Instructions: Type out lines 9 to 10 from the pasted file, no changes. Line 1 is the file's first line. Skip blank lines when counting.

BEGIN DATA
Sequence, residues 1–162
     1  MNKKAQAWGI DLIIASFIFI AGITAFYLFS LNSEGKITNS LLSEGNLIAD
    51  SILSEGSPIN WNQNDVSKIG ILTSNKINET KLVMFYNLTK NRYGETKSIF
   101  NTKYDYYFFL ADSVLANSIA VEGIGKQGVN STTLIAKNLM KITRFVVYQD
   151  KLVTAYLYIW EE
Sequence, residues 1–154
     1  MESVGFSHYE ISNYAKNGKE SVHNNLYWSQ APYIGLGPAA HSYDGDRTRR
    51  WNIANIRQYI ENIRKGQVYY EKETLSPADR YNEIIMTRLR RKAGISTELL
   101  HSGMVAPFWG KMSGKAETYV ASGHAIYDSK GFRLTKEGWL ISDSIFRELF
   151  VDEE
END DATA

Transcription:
   101  HSGMVAPFWG KMSGKAETYV ASGHAIYDSK GFRLTKEGWL ISDSIFRELF
   151  VDEE